Louis Vuitton was unsurprisingly full of praise in an Instagram post that revealed their newest LV employee. “Pharrell Williams is a visionary whose creative universes expand from music to art, and to fashion – establishing himself as a cultural global icon over the past twenty years,” it rhapsodised. “The way in which he breaks boundaries across the various worlds he explores, aligns with Louis Vuitton’s status as a Cultural Maison, reinforcing its values of innovation, pioneer spirit, and entrepreneurship.” That sounds similar to what the brand said about Virgil Abloh’s appointment. Michael Burke, Louis Vuitton’s Chairman & CEO, said in a statement back in 2018 that Mr Abloh’s “innate creativity and disruptive approach have made him so relevant, not just in the world of fashion but in popular culture today. His sensibility towards luxury and savoir-faire will be instrumental in taking Louis Vuitton’s menswear into the future.” Admittedly it’s premature to say if Mr Williams’s work would generate the manic hype that his predecessor’s did, but it would still, no doubt, be hype that will drive the brand.
Pharrell Williams (right) with Nigo. Photo: Billionaire Boys Club
In the past, most people without solid design experience would not take on a top position at a storied luxury house. Even now few would. Gucci’s new designer Sabato De Sarno, who replaces Alessandro Michele, has a solid CV, with design responsibilities bestowed on him at Prada and Valentino, where he was known as Pierpaolo Piccioli’s right-hand man. Burberry’s newly-installed Daniel Lee made a name for himself at Bottega Veneta, after cutting his teeth at Donna Karan and Céline. But at LV, design cred matter less that the hype the appointment itself would bring. LVMH has a track record of hiring relative novices. Mr Williams was probably confident enough to give it a go as he would be backed by a reputedly well-staffed design studio. Or, what Bernard Arnaud described of the team behind the failed Fenty Maison venture led by the equally rookie, singer-turn-designer Rihanna back in 2018: “talented and multicultural team supported by the group resources.” But even with that supply and support vastness, Rihanna could not make Fenty soar. Even LVMH does not always score a winner.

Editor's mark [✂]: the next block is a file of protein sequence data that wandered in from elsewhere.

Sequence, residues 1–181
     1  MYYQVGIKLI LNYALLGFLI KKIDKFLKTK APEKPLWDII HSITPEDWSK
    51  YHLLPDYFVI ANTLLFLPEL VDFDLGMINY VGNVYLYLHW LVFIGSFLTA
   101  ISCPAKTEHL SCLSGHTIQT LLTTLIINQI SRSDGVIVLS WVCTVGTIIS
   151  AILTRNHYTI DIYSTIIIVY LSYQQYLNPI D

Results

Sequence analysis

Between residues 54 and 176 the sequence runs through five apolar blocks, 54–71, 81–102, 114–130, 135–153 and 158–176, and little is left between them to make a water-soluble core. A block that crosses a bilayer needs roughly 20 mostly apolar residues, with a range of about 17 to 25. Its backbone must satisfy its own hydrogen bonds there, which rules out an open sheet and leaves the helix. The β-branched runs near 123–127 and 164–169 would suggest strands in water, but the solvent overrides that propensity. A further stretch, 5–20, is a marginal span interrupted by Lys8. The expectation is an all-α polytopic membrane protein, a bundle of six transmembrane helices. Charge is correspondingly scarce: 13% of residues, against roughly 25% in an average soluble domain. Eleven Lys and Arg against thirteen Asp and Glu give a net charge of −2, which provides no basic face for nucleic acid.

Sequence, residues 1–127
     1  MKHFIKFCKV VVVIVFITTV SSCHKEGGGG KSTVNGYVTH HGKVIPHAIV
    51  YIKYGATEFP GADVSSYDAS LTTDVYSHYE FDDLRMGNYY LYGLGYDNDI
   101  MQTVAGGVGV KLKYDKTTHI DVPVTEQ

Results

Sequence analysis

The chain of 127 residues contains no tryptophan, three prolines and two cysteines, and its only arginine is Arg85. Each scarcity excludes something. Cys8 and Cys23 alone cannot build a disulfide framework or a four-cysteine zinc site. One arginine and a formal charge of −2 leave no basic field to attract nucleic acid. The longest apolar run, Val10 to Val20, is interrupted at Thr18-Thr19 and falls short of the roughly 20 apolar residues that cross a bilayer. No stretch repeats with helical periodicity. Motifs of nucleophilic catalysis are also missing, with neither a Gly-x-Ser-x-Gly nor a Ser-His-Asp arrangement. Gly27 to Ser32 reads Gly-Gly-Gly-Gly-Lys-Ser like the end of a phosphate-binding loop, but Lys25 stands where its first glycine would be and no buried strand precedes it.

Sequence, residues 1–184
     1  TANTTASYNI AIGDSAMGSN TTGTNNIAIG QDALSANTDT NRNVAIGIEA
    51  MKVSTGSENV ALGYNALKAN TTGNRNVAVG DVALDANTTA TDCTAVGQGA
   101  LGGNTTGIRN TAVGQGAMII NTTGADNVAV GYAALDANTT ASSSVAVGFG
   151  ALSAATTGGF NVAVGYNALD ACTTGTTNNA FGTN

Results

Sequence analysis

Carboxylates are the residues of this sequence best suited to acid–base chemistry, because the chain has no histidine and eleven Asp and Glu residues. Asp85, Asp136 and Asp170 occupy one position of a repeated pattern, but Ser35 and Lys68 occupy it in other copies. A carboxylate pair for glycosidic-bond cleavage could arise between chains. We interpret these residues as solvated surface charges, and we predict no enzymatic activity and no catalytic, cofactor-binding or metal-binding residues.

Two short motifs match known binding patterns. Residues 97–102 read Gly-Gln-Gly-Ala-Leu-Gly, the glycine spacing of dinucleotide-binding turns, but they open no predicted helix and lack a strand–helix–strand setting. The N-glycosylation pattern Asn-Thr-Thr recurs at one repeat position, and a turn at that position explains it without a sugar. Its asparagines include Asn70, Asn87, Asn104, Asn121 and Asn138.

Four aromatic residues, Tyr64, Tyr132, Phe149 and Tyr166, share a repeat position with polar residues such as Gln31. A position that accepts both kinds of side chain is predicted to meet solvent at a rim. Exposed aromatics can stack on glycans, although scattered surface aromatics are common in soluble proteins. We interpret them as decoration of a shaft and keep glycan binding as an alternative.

But the world’s largest luxury conglomerate, posting a record €79 billion in sales in 2022, cannot afford to let their biggest namesake brand slide. The LV men’s division has been undergoing changes with considerable success, certainly since Kim Jones was at the helm (2011—2018), when he introduced a more street-centric sensibility to the brand. This went, many believed, in tandem with the changing profile of the emerging luxury shopper. The hip-hop consumer who buys star-branded merchandise for fans and the rabid fashion consumer had merged. Hypebeasts were gaining influence, sneakers were footwear kings, and hip hop stars wanted to be designers, if not start a label. Luxury was redefined and it had a new selling tool when Supreme met Louis Vuitton in 2017: hype. And it would be in American street and hip hop culture that workable hoopla could be harvested. And who, among the world’s generators of exaggerated attention, attendant culture, good ’ol America? Was it not the best place to find designers? Who will luxury brands ask next? A$AP Rocky? Or Drake?